thence to two houses adjoining, one of which was occupied as a bakery; from thence it communicated to Mr. [Thomas] Janvier’s large dwelling [Lot 5], thence to a small house belonging to the Steam Boat Company [Lot 5]; thence to Mr. Saxton’s [Richard Sexton] brick dwelling and stables [Lot 6], thence to a brick dwelling, and the stores and dwelling of Mr. Raynow [Lot 6], thence to Mr. M’Cullough’s [James McCullough] dwellinghouse [Lot 7], thence to a brick house occupied as a dwelling and dry goods store [lot 7] also owned by McCullough ...
At this point the account becomes confusing, because the names of two property owners, one deceased, are confused:
The reporter confuses, for us at least, the home bought by George Read, Sr., in 1798 (Lot 8) with the mansion built by his son, George 'Read, Jr., on Lot 9. Both were then owned by George Read, Jr., and hence both could have been known properly as his dwellings. Since the fire was going north, and is not described as leaping over a building before it was stopped by a wet roof, and since the account states that one Read house was reached by the flames before the other halted the fire, we can conclude that the house of George Read, Sr., the Old Read House, now owned by his son, was burned and that the fire was stopped by George Read, Jr.'s house, the present Read House. This explanation seems to be confirmed by a letter of thanks to the Wilmington fire companies published in a Wilmington newspaper by Read.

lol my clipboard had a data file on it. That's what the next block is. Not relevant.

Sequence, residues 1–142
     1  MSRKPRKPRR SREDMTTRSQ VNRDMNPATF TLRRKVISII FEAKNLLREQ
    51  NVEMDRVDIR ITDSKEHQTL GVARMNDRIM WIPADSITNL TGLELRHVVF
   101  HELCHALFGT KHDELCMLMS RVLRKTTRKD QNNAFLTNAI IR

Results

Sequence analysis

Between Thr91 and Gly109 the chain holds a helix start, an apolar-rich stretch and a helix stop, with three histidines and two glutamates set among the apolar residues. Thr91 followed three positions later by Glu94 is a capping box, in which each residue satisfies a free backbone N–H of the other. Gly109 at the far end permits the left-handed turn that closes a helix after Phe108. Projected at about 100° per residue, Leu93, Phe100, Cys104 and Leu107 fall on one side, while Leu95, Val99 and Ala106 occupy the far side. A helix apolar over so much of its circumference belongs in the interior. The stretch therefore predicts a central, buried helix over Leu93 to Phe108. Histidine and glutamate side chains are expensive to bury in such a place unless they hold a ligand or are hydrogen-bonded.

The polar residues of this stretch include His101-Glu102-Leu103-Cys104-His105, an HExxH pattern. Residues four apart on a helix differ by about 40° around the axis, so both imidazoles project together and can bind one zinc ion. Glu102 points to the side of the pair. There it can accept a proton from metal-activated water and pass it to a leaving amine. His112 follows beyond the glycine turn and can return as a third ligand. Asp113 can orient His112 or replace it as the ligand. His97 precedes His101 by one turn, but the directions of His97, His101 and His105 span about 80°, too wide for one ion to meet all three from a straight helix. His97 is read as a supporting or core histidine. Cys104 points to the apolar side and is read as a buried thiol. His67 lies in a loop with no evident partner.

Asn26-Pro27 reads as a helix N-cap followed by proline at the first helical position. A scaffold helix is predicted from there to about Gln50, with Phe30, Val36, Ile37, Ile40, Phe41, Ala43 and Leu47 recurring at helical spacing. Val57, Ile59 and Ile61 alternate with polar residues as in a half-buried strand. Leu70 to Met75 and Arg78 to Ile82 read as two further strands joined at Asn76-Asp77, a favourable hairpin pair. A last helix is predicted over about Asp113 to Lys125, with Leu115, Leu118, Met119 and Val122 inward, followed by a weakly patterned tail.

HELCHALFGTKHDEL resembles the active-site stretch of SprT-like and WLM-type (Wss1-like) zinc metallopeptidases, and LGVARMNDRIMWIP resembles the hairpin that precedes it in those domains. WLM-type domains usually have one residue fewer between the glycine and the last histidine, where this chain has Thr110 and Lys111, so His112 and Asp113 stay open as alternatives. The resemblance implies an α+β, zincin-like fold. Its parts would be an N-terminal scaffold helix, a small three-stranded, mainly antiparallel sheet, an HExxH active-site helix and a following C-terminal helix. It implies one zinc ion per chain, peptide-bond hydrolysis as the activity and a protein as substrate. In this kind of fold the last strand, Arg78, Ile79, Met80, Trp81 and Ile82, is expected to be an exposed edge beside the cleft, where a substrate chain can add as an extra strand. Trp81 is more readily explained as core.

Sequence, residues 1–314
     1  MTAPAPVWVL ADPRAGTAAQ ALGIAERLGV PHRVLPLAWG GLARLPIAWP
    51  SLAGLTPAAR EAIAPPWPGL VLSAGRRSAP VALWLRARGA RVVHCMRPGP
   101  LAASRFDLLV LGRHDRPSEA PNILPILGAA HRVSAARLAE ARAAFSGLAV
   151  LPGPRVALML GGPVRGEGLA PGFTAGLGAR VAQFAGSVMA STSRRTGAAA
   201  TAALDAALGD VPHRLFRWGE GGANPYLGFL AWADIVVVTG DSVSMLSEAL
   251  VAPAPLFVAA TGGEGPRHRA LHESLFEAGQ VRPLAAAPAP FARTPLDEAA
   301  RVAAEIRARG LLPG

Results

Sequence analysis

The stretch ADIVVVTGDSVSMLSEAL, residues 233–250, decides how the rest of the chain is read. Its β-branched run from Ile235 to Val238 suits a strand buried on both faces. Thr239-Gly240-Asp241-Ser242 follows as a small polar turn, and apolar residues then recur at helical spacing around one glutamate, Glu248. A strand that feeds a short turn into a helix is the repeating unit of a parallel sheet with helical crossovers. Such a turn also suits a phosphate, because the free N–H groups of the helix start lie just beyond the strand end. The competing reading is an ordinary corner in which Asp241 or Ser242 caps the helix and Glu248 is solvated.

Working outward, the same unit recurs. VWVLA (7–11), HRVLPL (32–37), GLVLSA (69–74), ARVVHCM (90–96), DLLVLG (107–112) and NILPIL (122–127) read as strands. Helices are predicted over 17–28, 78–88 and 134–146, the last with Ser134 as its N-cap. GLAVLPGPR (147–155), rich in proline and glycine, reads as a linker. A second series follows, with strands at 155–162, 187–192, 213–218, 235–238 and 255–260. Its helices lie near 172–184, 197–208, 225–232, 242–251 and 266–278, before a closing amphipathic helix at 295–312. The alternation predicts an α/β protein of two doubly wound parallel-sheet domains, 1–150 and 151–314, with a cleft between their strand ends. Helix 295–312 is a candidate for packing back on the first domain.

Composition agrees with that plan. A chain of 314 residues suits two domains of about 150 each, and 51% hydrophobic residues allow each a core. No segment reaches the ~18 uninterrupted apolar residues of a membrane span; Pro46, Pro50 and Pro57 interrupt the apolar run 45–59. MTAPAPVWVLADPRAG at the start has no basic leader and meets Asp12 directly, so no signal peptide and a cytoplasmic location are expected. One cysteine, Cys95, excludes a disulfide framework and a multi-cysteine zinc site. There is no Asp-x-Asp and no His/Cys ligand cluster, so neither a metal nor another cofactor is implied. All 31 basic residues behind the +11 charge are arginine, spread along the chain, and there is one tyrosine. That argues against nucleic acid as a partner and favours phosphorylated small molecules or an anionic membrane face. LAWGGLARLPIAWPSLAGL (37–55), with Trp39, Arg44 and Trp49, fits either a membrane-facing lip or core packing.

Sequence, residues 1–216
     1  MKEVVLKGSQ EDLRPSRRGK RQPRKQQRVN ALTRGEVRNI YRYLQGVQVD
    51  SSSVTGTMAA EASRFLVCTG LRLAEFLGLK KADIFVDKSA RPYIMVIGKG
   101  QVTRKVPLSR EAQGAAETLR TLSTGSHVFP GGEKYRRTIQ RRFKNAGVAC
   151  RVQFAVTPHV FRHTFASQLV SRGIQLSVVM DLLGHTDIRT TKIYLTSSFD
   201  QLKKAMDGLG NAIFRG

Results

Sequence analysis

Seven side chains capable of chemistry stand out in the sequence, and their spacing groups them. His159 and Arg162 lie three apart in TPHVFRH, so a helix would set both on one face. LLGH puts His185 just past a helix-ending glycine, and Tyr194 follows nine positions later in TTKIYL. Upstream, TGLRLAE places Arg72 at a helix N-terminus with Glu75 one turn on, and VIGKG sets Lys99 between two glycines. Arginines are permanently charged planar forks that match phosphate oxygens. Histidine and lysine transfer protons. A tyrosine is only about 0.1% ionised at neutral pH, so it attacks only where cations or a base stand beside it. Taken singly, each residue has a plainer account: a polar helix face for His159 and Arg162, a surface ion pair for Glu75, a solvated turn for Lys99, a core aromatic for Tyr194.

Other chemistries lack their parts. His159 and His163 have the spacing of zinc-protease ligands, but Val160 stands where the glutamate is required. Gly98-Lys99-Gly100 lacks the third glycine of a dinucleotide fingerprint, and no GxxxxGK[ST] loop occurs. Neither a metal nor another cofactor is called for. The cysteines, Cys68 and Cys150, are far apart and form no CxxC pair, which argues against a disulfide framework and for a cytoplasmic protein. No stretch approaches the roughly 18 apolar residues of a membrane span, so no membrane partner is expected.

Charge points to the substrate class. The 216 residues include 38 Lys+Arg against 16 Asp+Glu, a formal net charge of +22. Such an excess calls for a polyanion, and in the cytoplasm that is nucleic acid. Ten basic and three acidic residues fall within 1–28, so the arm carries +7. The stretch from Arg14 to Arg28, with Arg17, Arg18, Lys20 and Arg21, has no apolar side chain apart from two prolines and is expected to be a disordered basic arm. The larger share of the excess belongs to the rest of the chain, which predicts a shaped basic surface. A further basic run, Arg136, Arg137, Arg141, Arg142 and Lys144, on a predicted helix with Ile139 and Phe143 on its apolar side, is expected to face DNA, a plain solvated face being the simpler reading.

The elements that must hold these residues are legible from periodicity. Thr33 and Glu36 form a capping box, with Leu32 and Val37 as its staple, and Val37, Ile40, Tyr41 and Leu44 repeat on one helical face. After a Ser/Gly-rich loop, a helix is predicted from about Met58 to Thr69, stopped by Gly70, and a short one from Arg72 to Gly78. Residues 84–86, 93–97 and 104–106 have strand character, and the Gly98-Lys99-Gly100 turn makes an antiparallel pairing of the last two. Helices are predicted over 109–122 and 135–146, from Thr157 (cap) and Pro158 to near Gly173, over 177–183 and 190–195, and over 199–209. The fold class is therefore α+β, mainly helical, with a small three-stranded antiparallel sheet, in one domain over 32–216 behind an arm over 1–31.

By this fire over one-half the buildings along Front Street between Delaware and Harmony Streets were burned or had to be rebuilt. On the east side, all the buildings from Bank Lot 1 to Bank Lot 7 were destroyed or badly damaged. On the west side portions of an older